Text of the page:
Mass protests this week are targeting California’s 14 House Republicans, with activists seeking to pressure them to oppose the latest Republican Obamacare repeal proposal from Sens. Lindsey Graham of South Carolina and Bill Cassidy of Louisiana.
California would be hardest hit state in the nation, with an estimated cut of $28 billion to its health care system by 2026, according to the left-leaning Center on Budget and Policy Priorities. Other states that would face severe budget cuts include New York, Massachusetts and Maryland.
Activist groups, including the Courage Campaign and Indivisible, will protest outside the office of Republican Congressman Ed Royce, in Brea, Thursday at 11 a.m. Protestors are scheduled at the offices of Rep. David Valadao on Thursday in Bakersfield and Friday in Hanford, both at 4 p.m. Other House Republicans, including Dana Rohrabacher of Costa Mesa, Steve Knight of Lancaster, Jeff Denham of Turlock and Mimi Walters of Laguna Niguel, were the focus of other protests this week organized by the advocacy group Health Access.
“This new effort by Senators Graham and Cassidy is even worse than previous proposals for all states, with disproportionate and devastating cuts for California and our health system,” said Anthony Wright, the group’s executive director. “Our California Congressmembers – even the 14 Representatives that voted for previous ... repeal bills – need to denounce this Graham-Cassidy proposal and make it clear that if it ever passed the Senate, it would be rejected in the House.”
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Wright called cutting health care dollars from California’s budget “explicit and intentional,” referring to comments Rick Santorum made in Breitbart, explaining that “What you can do is redistribute this money that has been heaped upon these four ultra blue, very wealthy states by the way, and don’t need a lot of federal support because they’re very wealthy states.”
The Graham-Cassidy proposal would cut funding for Medi-Cal, the state’s low-income health care program that covers nearly 14 million people, get rid of cost-sharing subsidies for those who purchase insurance on the Covered California exchange, scrap income-based tax credits to help low- and middle-income people lower the cost of insurance premiums and eliminate the employer and individual mandates that require insurance coverage. Federal funding for California’s expansion of Medi-Cal, which extended coverage to about 4 million people, would expire. States would retain some federal health care money as block grants, giving state officials the choice to spend the money as they see fit. The UC Berkeley Labor Center has estimated the potential losses in each of California’s 58 counties.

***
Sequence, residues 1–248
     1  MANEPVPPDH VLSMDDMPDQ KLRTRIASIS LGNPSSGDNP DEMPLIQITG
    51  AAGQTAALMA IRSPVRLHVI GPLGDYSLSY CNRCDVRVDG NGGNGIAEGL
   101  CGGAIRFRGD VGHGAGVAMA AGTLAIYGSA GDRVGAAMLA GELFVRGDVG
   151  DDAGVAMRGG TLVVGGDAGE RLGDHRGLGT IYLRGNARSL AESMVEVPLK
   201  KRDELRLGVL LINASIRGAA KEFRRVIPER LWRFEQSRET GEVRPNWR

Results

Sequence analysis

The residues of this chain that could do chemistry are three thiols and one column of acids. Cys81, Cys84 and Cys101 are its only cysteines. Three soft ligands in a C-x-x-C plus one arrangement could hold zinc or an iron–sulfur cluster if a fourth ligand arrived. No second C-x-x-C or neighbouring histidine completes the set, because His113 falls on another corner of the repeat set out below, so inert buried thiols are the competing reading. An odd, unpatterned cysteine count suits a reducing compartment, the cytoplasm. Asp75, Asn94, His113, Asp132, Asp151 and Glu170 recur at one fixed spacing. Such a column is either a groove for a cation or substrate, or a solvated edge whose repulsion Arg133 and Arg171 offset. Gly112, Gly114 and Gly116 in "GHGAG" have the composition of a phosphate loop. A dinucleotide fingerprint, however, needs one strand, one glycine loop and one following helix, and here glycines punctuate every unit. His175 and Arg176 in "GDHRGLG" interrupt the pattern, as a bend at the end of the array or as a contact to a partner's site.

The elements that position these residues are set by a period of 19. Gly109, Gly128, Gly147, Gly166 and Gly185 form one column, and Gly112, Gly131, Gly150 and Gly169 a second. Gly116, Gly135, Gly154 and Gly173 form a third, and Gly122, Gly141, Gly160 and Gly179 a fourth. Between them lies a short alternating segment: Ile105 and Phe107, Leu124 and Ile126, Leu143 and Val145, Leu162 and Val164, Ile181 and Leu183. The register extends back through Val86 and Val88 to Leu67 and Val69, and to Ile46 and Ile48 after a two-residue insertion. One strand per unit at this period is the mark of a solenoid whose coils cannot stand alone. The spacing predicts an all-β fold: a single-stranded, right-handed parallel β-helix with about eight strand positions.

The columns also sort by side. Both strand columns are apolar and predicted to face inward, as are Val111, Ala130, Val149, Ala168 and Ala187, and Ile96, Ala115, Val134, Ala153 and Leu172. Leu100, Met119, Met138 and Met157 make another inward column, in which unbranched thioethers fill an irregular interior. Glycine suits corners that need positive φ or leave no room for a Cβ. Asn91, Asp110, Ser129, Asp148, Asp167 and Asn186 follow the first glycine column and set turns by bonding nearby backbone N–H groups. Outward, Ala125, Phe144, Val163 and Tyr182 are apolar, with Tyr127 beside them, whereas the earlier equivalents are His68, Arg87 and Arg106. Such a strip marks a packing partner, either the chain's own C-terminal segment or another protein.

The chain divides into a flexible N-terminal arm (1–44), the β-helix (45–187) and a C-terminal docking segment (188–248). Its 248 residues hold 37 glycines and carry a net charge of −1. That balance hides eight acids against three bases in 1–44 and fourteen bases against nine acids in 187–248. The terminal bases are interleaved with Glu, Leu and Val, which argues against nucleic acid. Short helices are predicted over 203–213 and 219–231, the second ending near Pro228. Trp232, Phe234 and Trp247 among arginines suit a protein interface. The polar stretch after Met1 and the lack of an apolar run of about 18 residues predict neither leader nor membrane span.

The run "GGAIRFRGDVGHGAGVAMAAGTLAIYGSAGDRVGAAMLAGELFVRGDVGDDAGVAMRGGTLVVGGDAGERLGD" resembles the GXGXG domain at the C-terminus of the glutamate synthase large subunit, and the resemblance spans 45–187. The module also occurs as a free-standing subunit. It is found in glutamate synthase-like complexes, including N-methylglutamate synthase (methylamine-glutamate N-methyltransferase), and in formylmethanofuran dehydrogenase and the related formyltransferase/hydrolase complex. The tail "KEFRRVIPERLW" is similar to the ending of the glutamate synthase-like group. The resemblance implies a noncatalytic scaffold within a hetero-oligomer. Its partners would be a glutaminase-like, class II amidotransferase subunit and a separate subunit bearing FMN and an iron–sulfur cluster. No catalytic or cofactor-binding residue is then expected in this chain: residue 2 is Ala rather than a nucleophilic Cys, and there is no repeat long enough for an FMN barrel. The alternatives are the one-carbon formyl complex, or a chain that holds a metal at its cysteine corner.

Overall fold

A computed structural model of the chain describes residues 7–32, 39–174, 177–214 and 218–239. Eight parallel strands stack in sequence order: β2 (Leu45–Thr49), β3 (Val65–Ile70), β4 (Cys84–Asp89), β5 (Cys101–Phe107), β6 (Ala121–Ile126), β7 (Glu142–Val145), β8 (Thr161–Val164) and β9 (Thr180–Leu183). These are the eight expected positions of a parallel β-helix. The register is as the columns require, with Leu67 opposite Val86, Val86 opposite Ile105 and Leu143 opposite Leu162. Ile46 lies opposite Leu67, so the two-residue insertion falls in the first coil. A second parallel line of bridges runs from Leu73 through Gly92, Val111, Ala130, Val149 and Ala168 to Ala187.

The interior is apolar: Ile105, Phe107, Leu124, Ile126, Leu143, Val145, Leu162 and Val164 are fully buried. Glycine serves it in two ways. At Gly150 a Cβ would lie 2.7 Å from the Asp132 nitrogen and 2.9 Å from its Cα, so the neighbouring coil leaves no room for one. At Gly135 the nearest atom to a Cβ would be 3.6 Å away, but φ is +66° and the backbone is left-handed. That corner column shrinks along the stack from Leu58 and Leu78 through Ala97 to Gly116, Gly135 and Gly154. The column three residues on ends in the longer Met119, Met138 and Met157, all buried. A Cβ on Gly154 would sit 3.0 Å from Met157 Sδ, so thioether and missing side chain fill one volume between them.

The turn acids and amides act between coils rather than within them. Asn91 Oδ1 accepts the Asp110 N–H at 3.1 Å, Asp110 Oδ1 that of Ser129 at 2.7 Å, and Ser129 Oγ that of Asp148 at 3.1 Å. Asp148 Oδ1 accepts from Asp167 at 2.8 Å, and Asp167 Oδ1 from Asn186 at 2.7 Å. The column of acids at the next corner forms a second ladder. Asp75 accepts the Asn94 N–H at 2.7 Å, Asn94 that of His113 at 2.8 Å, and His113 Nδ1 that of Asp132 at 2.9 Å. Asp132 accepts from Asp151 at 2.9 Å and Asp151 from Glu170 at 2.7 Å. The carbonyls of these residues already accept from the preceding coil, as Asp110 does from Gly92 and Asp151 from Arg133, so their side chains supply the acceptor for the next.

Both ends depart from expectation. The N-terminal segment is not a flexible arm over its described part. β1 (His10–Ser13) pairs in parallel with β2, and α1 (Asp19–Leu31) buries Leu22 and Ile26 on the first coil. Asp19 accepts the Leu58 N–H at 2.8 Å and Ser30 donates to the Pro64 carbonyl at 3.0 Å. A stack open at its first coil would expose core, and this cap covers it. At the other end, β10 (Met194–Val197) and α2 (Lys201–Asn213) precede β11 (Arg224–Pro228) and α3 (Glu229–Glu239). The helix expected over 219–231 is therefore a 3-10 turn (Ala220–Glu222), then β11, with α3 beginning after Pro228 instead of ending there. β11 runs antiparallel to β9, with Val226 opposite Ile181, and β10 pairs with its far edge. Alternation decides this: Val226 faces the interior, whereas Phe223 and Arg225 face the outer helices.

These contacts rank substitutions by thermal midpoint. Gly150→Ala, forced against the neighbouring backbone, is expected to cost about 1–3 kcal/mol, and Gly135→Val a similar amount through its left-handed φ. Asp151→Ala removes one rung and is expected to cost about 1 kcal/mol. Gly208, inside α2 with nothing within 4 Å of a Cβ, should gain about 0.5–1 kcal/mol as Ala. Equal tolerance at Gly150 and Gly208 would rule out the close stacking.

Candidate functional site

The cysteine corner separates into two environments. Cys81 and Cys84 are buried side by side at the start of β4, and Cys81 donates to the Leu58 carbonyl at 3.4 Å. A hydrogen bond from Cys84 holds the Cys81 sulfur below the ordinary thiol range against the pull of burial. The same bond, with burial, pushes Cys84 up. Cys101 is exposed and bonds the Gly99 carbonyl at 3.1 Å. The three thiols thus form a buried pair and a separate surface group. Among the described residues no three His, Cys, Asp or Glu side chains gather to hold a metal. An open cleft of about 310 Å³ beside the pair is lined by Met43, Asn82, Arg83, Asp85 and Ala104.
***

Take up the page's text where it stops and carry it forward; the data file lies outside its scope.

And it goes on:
President Donald Trump urged passage, and Republican Congressman Kevin McCarthy of Bakersfield endorsed the bill, saying on Twitter that “#Obamcare is failing. #Graham-Cassidy returns control to states and empowers them to innovate and stabilize costs.”
California Democrats blasted the proposal, with Sen. Dianne Feinstein saying “it’s appalling that...Senate Republicans would take federal funds that provide health care to Californians and give them to Republican-leaning states,” and Sen. Kamala Harris saying “Now is the time to fight.”
Senate Republicans have until Sept. 30 to come up with the 51 votes needed to pass the health care bill. Republicans control 52 of the Senate’s 100 seats.
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WORTH REPEATING: “The bill risks the safety of good law enforcement officers and the safety of the neighborhoods that need their protection the most.” – Attorney General Jeff Sessions, on California’s ‘sanctuary state’ legislation.
CLIMATE TALKS: Gov. Jerry Brown, in Washington, D.C. this week, will discuss California’s efforts to reduce the flow of heat-trapping emissions into the atmosphere. The “courage on climate action” discussion is part of a larger event called “We The Future,” hosted by the Palo Alto-based Skoll Foundation and the United Nations Foundation, and aimed at promoting sustainable development across the globe.
MUST READ: Why do state lawmakers spend so much time debating resolutions?
GOVERNMENT PAY: State Controller Betty Yee released 2016 data this week on government pay earned by employees of special districts across California.
Top income earners? Health care executives.
Of the 10 highest-paid special district employees, nine worked for health care districts last year, with a top salary of $1.24 million for a chief executive officer in San Francisco, according to the data.
U.S.-MEXICO RELATIONS: Senate President Pro Tem Kevin de León is scheduled to participate in a panel discussion in Washington, D.C. on changes to the U.S.-Mexico trade relationship, especially in agriculture and manufacturing. University of California President Janet Napolitano moderates the event, slated to begin at 12:30 p.m. at the University of California, Washington Center.
Geronimo Gutierrez, Mexican ambassador to the U.S., will also speak, as well as Maria Echaveste, a senior fellow at the UC Berkeley Center for Latin American Studies and co-founder of the Nueva Vista Group, a Washington D.C.-based consulting firm.
STATE EMPLOYEE FOOD DRIVE: The California State Employees Food Drive kicks off Thursday. Donations of fruits, vegetables and cash will be accepted from 10:30 a.m. to 2 p.m. at the Capitol Mall Farmers Market in Sacramento. Cash donations will be used to purchase fresh produce for those in need.
This year’s goal is to pull in 800,000 pounds of food, surpassing last year’s total of 764,000 pounds, according to Karen Ross, secretary of the state Department of Food and Agriculture.
CELEBRATE: Happy birthday to Assemblyman Devon Mathis, R-Visalia, who turns 35 today and Assemblyman Randy Voepel, R-Santee, who turns 67 today.